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February 2015

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I have a big issue with ‘green shoots’. I’ll make a bet with you: outside of the garden centre, you’ll probably find those words slipping smoothly out of the mouth of a politician – they are there to make you think that the calm, thorough and insightful work that he/she has been doing is cultivating the right conditions for a new golden bloom of economic prosperity, and with careful husbandry, wisdom and patience, all will be well.

So don’t worry, you’re in safe hands! Right. Well, no, actually. What you’ve just read is actually the stuff which should be spread on the roses instead. Thickly.

It’s always worth looking at the actual language people are using to persuade you of something, like military strikes are usually ‘surgical’, to make you think they are precise, executed on the basis of years of training and professional experiences, and, well…a bit painful, but basically the right thing to do. Or closer to home, the fact that the States are paying more attention to very young children’s development is announced with the creation of a ‘taskforce’ - really? Like the one which recovered the Falklands for British rule, maybe?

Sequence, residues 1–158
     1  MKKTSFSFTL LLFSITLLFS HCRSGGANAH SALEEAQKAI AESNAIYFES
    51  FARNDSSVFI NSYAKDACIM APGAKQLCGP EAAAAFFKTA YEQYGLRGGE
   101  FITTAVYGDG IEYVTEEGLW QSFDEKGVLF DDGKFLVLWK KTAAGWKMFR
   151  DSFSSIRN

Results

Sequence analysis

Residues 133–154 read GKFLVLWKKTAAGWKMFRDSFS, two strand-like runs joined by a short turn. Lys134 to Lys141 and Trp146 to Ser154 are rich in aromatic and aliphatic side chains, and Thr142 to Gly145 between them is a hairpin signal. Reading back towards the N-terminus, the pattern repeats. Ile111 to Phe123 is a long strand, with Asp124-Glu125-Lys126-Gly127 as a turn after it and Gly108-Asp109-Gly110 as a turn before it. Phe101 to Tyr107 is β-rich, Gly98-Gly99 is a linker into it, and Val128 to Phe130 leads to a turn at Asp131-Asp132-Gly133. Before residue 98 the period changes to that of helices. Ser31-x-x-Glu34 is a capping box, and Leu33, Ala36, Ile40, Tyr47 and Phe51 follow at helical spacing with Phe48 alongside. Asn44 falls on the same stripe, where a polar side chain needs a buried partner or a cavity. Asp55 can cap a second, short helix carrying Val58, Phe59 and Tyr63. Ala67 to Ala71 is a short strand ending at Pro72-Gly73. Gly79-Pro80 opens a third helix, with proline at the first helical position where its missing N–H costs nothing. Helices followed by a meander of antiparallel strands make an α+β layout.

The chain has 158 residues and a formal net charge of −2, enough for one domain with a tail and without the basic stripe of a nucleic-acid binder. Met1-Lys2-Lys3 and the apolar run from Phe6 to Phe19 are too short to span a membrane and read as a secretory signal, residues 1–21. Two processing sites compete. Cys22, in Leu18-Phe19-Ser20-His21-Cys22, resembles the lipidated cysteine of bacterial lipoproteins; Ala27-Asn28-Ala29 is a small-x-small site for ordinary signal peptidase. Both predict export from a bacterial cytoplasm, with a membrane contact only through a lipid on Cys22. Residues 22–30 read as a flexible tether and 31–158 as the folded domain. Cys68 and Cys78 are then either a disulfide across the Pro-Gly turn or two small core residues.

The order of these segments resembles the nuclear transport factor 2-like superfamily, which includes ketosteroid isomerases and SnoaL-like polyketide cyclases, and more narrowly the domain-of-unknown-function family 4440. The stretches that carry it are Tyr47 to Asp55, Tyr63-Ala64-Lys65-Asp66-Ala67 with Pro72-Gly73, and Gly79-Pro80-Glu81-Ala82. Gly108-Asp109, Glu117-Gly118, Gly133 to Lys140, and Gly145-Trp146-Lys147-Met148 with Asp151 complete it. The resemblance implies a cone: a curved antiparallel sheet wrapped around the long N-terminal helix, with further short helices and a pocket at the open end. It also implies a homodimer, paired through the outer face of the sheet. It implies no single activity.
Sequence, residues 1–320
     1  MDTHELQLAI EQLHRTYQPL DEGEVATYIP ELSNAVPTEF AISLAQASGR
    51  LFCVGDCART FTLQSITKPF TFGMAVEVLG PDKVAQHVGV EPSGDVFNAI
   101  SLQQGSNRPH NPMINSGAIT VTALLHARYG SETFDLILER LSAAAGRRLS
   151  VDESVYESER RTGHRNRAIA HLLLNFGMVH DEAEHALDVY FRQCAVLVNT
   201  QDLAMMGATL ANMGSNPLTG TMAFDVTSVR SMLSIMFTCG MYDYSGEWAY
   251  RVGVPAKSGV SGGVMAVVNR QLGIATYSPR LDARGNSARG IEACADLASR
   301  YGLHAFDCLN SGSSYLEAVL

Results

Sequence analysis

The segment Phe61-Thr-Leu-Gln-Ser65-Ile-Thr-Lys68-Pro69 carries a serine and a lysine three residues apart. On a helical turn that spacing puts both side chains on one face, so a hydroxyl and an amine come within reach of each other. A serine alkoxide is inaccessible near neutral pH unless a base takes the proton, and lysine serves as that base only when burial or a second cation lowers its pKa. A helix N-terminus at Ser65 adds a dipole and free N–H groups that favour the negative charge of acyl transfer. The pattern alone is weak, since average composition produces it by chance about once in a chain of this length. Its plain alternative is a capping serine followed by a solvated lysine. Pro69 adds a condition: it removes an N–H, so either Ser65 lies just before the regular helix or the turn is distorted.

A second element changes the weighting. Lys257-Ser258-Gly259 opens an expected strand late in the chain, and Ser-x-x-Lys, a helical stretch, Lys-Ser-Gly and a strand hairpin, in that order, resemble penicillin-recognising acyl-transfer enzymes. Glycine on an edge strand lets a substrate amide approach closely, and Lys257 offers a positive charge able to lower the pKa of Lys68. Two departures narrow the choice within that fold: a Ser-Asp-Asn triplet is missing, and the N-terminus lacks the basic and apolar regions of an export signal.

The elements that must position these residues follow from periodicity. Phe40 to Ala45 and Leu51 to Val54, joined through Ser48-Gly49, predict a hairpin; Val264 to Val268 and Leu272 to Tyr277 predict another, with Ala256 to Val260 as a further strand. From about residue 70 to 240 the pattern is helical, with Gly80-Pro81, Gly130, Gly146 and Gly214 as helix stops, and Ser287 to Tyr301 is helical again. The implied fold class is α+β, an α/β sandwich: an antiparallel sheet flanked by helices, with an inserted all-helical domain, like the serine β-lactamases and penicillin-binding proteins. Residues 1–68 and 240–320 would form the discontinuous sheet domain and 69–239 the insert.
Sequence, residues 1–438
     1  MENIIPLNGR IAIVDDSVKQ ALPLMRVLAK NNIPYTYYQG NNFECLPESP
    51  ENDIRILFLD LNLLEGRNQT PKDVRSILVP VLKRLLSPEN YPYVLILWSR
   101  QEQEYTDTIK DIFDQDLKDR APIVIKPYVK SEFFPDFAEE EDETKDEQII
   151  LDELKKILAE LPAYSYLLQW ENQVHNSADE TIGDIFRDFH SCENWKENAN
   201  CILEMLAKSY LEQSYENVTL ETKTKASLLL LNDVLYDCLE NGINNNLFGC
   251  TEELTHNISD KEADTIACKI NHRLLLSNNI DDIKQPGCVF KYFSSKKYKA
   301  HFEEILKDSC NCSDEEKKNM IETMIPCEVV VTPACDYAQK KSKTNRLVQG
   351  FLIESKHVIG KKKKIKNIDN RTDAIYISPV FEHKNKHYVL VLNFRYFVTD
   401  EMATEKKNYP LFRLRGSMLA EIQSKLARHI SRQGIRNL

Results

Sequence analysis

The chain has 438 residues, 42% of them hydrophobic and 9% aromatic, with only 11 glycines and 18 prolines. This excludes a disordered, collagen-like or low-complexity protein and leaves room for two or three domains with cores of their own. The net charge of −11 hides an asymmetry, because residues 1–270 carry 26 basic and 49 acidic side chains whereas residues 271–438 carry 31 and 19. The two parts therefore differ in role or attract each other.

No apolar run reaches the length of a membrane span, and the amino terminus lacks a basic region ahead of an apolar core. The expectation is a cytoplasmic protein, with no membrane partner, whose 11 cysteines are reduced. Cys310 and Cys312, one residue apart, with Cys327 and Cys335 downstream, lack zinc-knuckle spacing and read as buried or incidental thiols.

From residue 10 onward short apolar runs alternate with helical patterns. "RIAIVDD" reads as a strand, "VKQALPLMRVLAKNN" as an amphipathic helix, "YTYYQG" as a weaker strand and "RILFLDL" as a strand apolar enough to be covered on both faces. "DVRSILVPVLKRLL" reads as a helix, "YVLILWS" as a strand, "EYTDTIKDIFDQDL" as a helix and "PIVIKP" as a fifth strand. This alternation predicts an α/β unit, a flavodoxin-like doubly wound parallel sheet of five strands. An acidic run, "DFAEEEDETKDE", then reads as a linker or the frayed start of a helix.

So, borrowing the language of medicine, the military, or in the case of ‘green shoots’, gardening, is done to paint pictures in our mind to lend weight to whichever point of view is on sale – with ‘green shoots’ it suggests that better times are on the way, and very soon, we will be enjoying the full flowering of recovery.

Except, it looks like it’s actually going to be a bit more stop/ start than that, and to push the gardening metaphor well beyond its sensible limits, there are numerous pests, or variable environmental conditions which may get in the way. The optimism of the end of 2014 has actually grown into a more cautious outlook in 2015 – and that’s going to be the way it rolls: not a steady growth to economic nirvana, but a frequent dash back into the shed to find something else which will get those pesky ‘green shoots’ moving again.

With that ‘disheveled, weary, but still on its feet, ready for another round’ metaphor firmly in mind, let me introduce our lead feature on page 22: our Chief Executive (Landscape Gardening Services) is Geoff Cook, and in this edition he sets out what needs to be done to protect our premium crop (financial services) from the various pests, bugs and poor conditions which it might encounter in 2015.

Connect: nourishment, not fertiliser.

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